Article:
Podcast #128: We chat with Kent C Dodds about why he loves React and discuss what life was like in the dark days before Git. Listen now.
17

The opamp in the circuit is actually a voltage comparator, it's designed to output only 2 voltage levels - high and low. The positive feedback makes it Schmitt trigger -circuit (=a comparator with hysteresis) to make the comparator a little faster and to increase noise immunity. The transistor is pulse amplifier. The capacitor makes it have low pass filter ...


13

D1-D4 form a bridge rectifier that will charge C1 up to about 1/20th of the peak voltage of the incoming AC power. (R1 + R2 are 440K, R3 is 22k 440/22 = 1/20). During this time that C1 is charging the current will flow through C1 and through D5. This will reverse bias the base emitter junction of Q1 so it will not pass any current. For a short period at ...


10

Q4, R40 and R44 form a pullup and buffer that can tolerate quite high voltages for a logic low (up to about 3.6V depending on temperature) from a relatively weak sink of perhaps < 1mA. C22 and R46 form a noise filter (-3dB at about 3.4kHz). U7 and surrounding circuitry is a comparator with significant hysteresis that also limits the output high voltage ...


6

You actually have two problems right now, but let's just talk about one first (the one you are somewhat aware that you have. You seem to be oblivious to the other one right now but we'll get to it eventually). It boils down to this: You cannot know the directions of currents or voltages through a circuit before you have solved it. You might have an idea for ...


6

The gain is defined as the output signal divided by the input signal. The amplifier has a voltage output. It's a virtual ground input configuration, the input will stay at 0v by feedback action. The input is therefore not a voltage signal, but a current signal. The gain therefore has dimensions volts/amps, otherwise written as ohms. This configuration is ...


6

I am learning electronics myself and Kevin's answer confused me to the point where i was wondering what i was misunderstanding about the circuit, so i simulated it and found that my initial instincts and node analysis were actually correct. I will explain: The following is my copy of your circuit in LTSpice, ignoring the isolation aspect, which should be ...


5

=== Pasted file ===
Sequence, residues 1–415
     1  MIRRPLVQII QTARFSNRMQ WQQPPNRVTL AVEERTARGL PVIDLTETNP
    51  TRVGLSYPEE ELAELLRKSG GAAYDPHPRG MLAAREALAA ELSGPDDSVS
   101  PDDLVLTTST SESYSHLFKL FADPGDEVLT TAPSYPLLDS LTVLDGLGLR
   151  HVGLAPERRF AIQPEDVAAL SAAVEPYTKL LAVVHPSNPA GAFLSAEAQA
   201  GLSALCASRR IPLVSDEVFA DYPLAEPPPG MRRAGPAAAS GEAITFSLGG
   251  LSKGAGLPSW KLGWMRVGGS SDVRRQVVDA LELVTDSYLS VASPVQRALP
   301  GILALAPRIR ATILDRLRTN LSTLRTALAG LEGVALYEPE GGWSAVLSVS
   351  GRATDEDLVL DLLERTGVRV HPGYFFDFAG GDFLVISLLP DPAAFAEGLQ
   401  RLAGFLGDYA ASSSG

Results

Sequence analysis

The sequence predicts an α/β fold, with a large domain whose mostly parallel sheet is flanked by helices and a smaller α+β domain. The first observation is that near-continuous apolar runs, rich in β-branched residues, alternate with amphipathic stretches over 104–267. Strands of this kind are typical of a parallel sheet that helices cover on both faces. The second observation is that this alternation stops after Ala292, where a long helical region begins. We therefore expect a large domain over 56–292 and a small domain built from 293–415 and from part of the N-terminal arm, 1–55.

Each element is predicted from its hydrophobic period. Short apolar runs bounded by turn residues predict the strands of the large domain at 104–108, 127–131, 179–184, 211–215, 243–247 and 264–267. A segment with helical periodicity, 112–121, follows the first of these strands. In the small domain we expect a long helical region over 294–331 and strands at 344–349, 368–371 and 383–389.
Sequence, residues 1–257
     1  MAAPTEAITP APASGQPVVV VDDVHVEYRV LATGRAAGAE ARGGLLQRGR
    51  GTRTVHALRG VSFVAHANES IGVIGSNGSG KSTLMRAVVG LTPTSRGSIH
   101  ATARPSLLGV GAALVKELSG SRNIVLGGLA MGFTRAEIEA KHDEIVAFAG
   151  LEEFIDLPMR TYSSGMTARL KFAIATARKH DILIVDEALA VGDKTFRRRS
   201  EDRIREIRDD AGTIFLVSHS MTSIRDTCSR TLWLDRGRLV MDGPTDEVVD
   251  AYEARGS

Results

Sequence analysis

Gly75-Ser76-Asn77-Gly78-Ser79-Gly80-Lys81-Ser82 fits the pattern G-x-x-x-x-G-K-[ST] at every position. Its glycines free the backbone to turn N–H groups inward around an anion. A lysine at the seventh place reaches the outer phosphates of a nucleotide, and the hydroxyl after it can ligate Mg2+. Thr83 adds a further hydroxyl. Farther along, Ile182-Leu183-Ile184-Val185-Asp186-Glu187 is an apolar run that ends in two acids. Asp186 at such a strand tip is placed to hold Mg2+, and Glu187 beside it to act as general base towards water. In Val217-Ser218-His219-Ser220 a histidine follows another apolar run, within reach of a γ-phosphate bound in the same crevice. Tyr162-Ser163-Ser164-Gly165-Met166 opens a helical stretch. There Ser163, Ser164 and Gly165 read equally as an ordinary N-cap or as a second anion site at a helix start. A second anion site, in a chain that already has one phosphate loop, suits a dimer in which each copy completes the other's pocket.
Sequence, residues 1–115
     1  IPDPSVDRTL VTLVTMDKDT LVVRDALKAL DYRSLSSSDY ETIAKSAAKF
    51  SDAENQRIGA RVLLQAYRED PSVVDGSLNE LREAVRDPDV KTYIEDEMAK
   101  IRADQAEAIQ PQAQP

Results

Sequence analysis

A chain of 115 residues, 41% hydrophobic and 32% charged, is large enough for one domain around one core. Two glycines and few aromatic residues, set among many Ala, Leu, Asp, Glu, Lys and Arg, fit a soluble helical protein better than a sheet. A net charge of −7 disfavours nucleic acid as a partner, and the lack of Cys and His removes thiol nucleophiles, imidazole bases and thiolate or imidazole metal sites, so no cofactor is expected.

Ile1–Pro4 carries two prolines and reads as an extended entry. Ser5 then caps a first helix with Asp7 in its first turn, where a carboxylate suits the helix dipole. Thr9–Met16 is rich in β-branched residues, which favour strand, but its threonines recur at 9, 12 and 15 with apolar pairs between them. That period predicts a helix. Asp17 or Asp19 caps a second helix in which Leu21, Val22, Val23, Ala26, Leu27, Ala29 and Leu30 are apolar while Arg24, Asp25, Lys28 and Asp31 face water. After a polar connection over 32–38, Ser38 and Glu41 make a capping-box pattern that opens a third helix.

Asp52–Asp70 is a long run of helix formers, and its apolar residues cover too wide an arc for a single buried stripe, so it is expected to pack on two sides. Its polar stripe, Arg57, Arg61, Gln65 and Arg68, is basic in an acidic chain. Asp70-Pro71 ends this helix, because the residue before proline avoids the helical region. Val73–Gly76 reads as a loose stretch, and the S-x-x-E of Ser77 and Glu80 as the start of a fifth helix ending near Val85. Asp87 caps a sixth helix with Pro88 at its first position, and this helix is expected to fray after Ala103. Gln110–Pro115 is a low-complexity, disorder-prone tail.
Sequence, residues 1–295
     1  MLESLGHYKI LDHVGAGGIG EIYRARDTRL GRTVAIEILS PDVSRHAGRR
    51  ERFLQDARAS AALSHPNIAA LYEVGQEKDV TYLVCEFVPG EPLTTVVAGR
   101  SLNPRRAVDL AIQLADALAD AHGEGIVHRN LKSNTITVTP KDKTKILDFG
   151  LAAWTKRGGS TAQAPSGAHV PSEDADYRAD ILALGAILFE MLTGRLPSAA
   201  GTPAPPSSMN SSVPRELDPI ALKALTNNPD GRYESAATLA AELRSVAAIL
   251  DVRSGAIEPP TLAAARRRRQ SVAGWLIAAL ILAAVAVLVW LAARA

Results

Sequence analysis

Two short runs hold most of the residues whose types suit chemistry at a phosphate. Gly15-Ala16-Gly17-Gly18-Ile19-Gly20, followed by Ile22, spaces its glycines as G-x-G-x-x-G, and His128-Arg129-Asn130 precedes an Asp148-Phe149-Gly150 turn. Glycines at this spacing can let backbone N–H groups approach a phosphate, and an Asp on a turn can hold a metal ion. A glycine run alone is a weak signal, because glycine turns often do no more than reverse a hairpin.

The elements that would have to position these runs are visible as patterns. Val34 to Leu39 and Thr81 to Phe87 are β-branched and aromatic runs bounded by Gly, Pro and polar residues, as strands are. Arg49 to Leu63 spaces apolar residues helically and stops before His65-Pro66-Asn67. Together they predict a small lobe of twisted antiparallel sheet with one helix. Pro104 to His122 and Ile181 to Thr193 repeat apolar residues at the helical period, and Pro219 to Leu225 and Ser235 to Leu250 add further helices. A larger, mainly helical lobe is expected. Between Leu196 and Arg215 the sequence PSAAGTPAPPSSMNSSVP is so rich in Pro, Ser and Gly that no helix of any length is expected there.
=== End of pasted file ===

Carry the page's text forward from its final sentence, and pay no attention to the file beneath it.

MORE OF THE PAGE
Sorry, I don't see any paradox. I don't think you understand how to use superposition. If there are \$N\$ independent sources you construct and analyze \$N\$ circuits, where each circuit has just one of the independent sources while the other sources are deactivated. If there is just one source you have a trivial case: you analyze one circuit with that ...


4

What's the top rectangle circuitry is for with negative voltage? Note that U1 and U2 require negative voltage so their outputs can swing to 0 V. ... and whats is RL1,RL2? Relays 1 and 2 are used to select the lowest transformer voltage that will supply the load. This keeps the power dissipation in the output transistor, VT low. Why there's two ...


4

When you apply a fixed voltage to an inductor for a set period of time the current through the inductor rises from zero (if previously uncharged) to some positive value. That is what your circuit does; you apply a pulse to the base of the transistor and the collector current rises from zero to some positive value. I'm ignoring whether a 100 kohm or 100 ohm ...


4

I seriously apologize for the horrible formatting but I don't know LaTex OR MathJax and I have to leave town in the morning. You could solve this using voltage and current divider equations, but I find it easier to just consider the current flows. Let \$I_1, I_2, I_3\$ and \$I_4\$ denote the current through \$C_1, C_2,\$ etc., and let \$V_1, V_2,\$ etc., ...


4

Equivalence of circuits means that if each was hidden in a black box (no other information from inside) with only their terminals exposed you could not discriminate between them; no matter what you connect to the terminals. If you provide a certain voltage to the terminals the current through the terminals will be the same and and vice versa, i.e. if you ...


4

You need significantly more capacitance from each rail to ground. Try 470uF or something like that in parallel with C3 and in parallel with C5. But if you're using a fancy high performance amplifier like that one, you're probably going to want to regulate the supply rails in reality. So that would mean a positive and a negative regulator, in addition to ...


4

Here's the schematic drawn up using the on-board schematic editor: simulate this circuit – Schematic created using CircuitLab STEP 1 Before I delve more deeply, a quick check is worth doing. Assuming that the first voltage divider on the left is unloaded, \$Q_1\$'s base voltage is the Thevenin source voltage of \$V_\text{TH}=V_\text{CC}\frac{R_{\...


4

I would say no. The effects of temperature coefficient can be expressed as $$ R= R_0 \left[1 + \alpha\left(T_0-T_{\text{ref}}\right) \right]$$ So, only the change in resistance (not the resistance) will be proportional to the temperature difference, and that holds best for small temp changes about a working point. To be even more specific, $$ R=\frac{\...


3

No, it isn't a Darlington configuration, because T1's collector is tied directly to ground, rather than to T2's collector. The advantage is that T2 can fully saturate, reducing its C-E voltage drop and power dissipation. R2 serves to keep both transistors off when the input connection is open, and you should keep it. C1 probably doesn't do anything very ...